Kanji Learning Attitudes and Self-Directed Learning by Learners of Japanese as a Foreign Language: A Case Study
Gamage, Gayathri Haththotuwa, Babel
This longitudinal qualitative study investigates how cultural experiences of staying in Japan may affect attitudes and self-directed earning of kanji among learners of Japanese as a foreign language. Six beginner learners pursued semester-long weekly kanji earning sessions and their diachronic behaviours were observed and recorded for attitudes and self-directed learning. The learners who had spent a considerable time in Japan consistently demonstrated trends of negative feelings toward kanji compared to those who had not Been to Japan at all. These attitudes were partially reflected in their reported ability for self-directed learning. This interesting finding is discussed in terms preconceived beliefs and how teachers could he p develop positive attitudes in learners.
Japanese as a foreign language (JFL), kanji, attitudes, self-directed learning, sociocultural experience
Chinese characters used in Japan are commonly referred to as kanji. Kanji play an integral part in the Japanese sociocultural milieu. Standard reading materials in Japanese (books, newspapers, and journals) and media (television, for instance) all include kanji. Calligraphy is promoted as a traditional cultural encounter. Kanji also play an essential role in the Japanese education system. Japanese children learn approximately 1,000 kanji in their primary education and 950 in their middle-school education ranging over a period of nine years (Taylor & Taylor, 1995). Simply put, Japanese literacy cannot be achieved without the knowledge of kanji.
The learning of kanji, however, is considered as one of the most challenging problems faced by learners of Japanese as a foreign language (hereafter, referred to as JFL learners) specifically from non-character backgrounds. Not only are they compelled to learn a great amount of kanji in a short period of time, but the figural complexity of certain kanji, the multiple pronunciations, and the polysemous meanings attached to one kanji all contribute to increase the anxiety of JFL learners.
To date, however, very little research has been conducted to observe kanji learning behaviour in a classroom environment. Much of the kanji learning behaviour research is restricted to questionnaires (Douglas, 1992; Okita, 1997) and to reading behaviour research, with learners reading a researcher-selected text at a single point in time (Machida, 2000; Matsunaga, 1999).This study, through longitudinal observation, sets out to explore how previous sociocultural experiences affect attitudes and self-directed kanji learning among JFL learners.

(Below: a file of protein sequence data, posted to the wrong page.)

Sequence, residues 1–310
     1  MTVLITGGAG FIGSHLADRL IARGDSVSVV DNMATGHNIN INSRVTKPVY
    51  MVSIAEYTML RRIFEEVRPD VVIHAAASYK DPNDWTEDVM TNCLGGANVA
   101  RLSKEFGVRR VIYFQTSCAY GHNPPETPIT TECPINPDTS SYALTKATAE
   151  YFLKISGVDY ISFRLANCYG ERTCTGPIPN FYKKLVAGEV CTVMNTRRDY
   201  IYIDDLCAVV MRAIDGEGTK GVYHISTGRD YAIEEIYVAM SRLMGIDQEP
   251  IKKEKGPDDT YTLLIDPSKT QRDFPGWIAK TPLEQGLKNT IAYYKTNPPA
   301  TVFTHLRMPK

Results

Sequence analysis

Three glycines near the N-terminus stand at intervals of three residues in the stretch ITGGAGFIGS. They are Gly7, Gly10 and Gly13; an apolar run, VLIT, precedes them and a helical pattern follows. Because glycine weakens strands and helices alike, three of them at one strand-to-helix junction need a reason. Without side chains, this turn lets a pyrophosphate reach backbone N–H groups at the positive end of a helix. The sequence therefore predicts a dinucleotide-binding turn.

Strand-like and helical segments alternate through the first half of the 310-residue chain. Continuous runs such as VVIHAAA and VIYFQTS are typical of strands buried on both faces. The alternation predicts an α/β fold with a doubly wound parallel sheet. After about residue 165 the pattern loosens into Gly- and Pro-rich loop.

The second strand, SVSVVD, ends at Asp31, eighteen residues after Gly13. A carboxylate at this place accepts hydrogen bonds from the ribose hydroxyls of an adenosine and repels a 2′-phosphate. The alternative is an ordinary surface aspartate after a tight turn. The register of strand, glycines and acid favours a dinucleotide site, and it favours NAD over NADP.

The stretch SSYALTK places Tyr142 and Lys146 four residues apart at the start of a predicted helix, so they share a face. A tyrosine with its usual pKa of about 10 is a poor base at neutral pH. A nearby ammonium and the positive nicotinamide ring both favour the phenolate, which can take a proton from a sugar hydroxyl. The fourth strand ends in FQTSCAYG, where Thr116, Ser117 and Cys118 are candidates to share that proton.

Several studies have indicated that attitudes (Horwitz, 1988, Wenden & Rubin, 1987) and past cultural experiences (Masgoret & Gardner, 2003; Jorden & Noda, 1987; Kawai, 2000) have an impact on learning strategies and achievement in a foreign language. Attitudes are considered important in second language acquisition as they reflect the learners' affective state of mind (Tse, 2000), which in turn can affect learning styles, strategies, and performance in the classroom.
Japanese, unlike English, is a language of a unique cultural community and learning Japanese as a foreign language inevitably enforces target language based cultural orientations. The vast array of Japanese language textbooks also highlights the purpose of assimilating learners into the target culture and society through the introduction of Japanese life styles, customs, food habits, cultural festivals, and so on. Kanji learning textbooks for JFL learners too make use of sociocultural contexts and traditional aspects of culture when introducing new kanji material (e.g. Habein & Mathias, 1991; Hadamitzky & Spahn, 1997; Rowley, 1992; Swiderski, 1993). One of the goals of these textbooks is to encourage learner motivation and positive attitudes through the introduction of culture and society. …